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Everybody probably has a story or two about a horrible teacher, a mean teacher, a strict teacher.
We know bad teachers are only a small minority among the thousands of wonderfully dedicated teachers doing a hard, underpaid job every day.
But, bad teachers are still pretty fun to talk about -- and we can even learn something from them and their bad behavior. So, here's a round-up of just a few of our best bad teacher stories:
One Milwaukee schoolteacher let her frustration get the worst of her. Irritated that a student kept playing with her beaded braids, the teacher called the poor girl up to the front of the class, with the promise of candy, and cut the girl's hair.
The teacher got off with a $175 disorderly conduct fine, barely a slap on the risk.
One enterprising teacher thought up a scheme to get his students to buy his homemade soap in exchange for homework passes. School officials weren't happy to hear about the teacher's business plan, and fined him $4,000.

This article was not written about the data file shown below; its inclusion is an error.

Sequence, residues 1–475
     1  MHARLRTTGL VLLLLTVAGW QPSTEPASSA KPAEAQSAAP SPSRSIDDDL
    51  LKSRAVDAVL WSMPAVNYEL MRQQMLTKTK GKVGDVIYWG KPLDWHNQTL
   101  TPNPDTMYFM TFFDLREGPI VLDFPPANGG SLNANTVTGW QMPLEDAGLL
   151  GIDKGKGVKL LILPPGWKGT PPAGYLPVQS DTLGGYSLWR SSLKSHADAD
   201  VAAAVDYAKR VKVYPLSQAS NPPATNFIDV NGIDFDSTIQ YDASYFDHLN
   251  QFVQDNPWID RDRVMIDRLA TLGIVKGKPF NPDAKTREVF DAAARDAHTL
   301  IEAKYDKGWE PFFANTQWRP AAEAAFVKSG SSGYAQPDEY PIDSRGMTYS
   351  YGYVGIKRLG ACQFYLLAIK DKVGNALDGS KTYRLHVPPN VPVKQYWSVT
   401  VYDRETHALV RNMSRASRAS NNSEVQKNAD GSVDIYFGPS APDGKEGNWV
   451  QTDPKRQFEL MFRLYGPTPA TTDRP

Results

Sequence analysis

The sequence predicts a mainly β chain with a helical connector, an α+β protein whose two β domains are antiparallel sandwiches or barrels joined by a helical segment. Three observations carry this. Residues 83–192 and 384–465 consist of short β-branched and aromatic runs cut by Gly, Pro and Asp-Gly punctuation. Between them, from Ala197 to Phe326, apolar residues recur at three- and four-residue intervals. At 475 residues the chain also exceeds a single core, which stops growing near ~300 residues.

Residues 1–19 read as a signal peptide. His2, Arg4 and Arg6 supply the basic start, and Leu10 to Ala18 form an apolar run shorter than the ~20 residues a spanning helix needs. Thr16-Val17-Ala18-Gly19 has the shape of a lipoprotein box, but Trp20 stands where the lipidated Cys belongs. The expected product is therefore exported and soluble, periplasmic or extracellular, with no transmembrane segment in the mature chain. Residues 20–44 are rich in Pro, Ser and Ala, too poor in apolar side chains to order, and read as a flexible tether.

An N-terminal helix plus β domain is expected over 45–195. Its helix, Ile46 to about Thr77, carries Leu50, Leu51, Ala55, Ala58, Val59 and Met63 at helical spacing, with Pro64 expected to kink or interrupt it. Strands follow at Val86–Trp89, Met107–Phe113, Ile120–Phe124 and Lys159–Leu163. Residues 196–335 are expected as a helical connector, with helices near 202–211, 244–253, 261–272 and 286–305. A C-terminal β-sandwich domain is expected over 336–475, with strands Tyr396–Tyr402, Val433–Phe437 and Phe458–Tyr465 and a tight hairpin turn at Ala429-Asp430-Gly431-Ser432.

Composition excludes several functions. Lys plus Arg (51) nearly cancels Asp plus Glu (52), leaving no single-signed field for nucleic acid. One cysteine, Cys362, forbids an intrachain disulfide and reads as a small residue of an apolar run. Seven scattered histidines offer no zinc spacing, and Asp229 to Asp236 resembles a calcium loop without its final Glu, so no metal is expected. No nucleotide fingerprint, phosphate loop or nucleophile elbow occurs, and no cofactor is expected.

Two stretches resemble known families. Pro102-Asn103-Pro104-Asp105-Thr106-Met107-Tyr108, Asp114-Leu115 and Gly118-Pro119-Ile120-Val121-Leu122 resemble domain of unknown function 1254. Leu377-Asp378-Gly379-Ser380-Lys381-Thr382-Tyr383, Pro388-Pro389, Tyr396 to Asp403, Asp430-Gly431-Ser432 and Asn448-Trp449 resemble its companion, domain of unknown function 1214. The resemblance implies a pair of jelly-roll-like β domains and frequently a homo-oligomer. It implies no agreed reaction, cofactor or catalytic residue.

An angry father put his autistic son's teacher and aide on blast on YouTube for bullying, harassment, and verbal abuse. The father put a digital recorder in his son's pocket and recorded over 6 hours of evidence of the teacher and aide taunting and making the child cry. Such harassment based on disability is prohibited by Title II of the American with Disabilities Act.
A former substitute Spanish teacher, who spoke no Spanish, was sentenced to jail for 90 days for showing students the movie, "The ABC's of Death." The film was more gruesome and sexually explicit than all the seasons of Game of Thrones put together. The teacher was convicted under an Ohio statute that makes it illegal to show juveniles any obscene or harmful materials.
Standardized testing puts pressure on students to do well and even more pressure on teachers to get good results. Over 30 Atlanta, Georgia teachers were caught cheating, coaching students, and altering answers. They were charged and convicted of crimes including racketeering under the federal Racketeer Influenced and Corruption Organization Act.
Naturally, teachers always have something to teach us, even if it's learning from their mistakes. If you think your child's teacher is more bad-teacher than strict-teacher consult with an education lawyer.
Meeting with a lawyer can help you understand your options and how to best protect your rights. Visit our attorney directory to find a lawyer near you who can help.